Distributed Denial of Services shortly known as (DDoS) attack is a malicious attempt to make a targeted system, like a website or application, which makes the system unavailable to end users. In order to target this, attackers use a variety of techniques that uses network or other resources, interrupting access for end users.
Three days earlier Amazon Web Services (AWS) customers were hit by a DDOS attack which was lasted more than eight hours. This DDoS attack hit the cloud giant’s Router 53 DNS web service, which in turn had a knock-on effect on other services including Elastic Load Balancing (ELB), Relational Database Service (RDS), which require public DNS resolution. “Between 10:30 AM and 6:30 PM PDT, we have experienced errors with resolution of some AWS DNS names. It all started at 5:16 PM, a very small number of particular DNS names experienced a higher error rate. However all these issues have been resolved “, an update released by AWS .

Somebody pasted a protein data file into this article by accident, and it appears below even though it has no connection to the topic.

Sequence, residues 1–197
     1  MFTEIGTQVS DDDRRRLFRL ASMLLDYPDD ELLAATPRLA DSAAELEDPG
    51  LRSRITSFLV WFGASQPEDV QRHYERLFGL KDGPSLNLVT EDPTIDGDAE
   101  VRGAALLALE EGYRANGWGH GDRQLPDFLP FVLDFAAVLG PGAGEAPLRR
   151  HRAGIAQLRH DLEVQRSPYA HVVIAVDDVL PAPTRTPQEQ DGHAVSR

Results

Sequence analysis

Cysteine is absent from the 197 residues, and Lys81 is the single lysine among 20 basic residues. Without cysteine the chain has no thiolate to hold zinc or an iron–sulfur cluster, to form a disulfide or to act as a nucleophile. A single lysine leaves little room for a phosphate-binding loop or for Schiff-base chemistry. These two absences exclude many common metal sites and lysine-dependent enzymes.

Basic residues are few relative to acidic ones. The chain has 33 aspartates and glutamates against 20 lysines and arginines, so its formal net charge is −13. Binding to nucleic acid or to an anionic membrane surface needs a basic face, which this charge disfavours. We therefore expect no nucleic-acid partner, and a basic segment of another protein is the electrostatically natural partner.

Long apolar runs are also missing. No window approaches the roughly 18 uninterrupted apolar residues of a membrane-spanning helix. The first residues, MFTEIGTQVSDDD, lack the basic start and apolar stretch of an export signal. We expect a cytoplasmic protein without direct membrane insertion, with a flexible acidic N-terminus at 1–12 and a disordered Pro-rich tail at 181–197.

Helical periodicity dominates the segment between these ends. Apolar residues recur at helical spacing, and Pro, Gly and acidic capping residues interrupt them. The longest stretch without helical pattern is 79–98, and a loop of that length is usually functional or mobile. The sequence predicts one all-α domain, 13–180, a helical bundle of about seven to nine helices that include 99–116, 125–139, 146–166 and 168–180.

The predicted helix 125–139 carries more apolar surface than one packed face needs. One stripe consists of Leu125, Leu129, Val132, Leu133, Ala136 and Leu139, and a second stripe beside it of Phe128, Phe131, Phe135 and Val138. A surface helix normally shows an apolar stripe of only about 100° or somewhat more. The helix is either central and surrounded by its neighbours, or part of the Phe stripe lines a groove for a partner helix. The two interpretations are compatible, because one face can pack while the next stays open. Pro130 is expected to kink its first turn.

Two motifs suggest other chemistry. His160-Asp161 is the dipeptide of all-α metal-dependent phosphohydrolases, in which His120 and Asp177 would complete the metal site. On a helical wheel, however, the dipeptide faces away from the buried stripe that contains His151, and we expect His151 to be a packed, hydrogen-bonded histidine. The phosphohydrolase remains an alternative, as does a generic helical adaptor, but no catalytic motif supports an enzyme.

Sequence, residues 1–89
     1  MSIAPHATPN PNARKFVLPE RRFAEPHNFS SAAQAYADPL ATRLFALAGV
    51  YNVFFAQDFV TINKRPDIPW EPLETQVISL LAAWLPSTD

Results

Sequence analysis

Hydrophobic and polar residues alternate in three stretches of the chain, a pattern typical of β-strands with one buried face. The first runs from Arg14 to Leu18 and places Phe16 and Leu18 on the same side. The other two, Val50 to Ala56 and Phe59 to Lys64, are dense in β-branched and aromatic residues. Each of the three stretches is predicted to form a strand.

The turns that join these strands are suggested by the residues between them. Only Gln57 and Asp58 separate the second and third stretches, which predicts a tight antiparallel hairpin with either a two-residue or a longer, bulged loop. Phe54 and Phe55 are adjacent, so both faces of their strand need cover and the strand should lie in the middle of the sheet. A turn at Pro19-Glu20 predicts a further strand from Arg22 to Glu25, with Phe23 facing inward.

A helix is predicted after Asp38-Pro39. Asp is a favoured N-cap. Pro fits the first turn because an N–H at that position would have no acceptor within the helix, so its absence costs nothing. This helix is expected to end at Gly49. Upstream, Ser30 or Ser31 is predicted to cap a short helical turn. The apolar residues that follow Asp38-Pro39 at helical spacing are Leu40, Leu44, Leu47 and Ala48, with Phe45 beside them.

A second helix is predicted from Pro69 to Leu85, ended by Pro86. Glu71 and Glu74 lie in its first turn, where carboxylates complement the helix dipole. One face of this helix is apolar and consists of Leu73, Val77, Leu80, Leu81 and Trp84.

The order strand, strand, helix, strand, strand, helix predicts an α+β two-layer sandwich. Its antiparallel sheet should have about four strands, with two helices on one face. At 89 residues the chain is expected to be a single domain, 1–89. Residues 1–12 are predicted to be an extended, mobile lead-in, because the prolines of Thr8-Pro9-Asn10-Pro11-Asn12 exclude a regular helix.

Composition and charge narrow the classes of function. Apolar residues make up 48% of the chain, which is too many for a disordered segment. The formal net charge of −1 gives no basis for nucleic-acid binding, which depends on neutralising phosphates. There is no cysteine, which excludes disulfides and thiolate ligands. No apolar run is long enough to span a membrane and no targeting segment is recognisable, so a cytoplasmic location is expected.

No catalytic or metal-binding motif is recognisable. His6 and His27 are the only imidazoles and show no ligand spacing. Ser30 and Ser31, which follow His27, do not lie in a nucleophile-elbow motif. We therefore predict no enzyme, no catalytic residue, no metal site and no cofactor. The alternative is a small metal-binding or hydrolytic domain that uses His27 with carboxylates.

This attack on AWS has left many customers to access AWS’s S3 services, with many AWS services relying on external DNS queries, including its Relational Database Service (RDS), and Elastic Load Balancing (ELB). In mean time messages sent to customers during this attack time clarified that the firm’s DNS servers were indeed experiencing a DDoS attack. Effectiveness of the AWS DDoS platform Shield Advanced, especially as it appeared to have made things worse for many customers.
“DDoS mitigations are absorbing the majority of this traffic, but these mitigations are also been flagging few legitimate customer queries at this time. In addition to this “We are actively working on additional mitigations, as well as tracking down the source of the attack to shut it down.” The firm said.
The Google Cloud Platform (GCP) also experienced problems at around the same time but it was not related to the AWS, although it clarified that DDoS was not the cause. Given the size of AWS and the traffic it handles at any given time, the attack must have been significant. However AWS’s Route 53 Service Level Agreement (SLA) promises 100 percent uptime.
Citing the potential mitigation concerns, this DDoS attack should be a reminder to security leaders to ensure they safeguard their cyber-defenses, from t websites and applications. Customers were able to resolve the issue by updating each and every configuration of their respective clients accessing S3.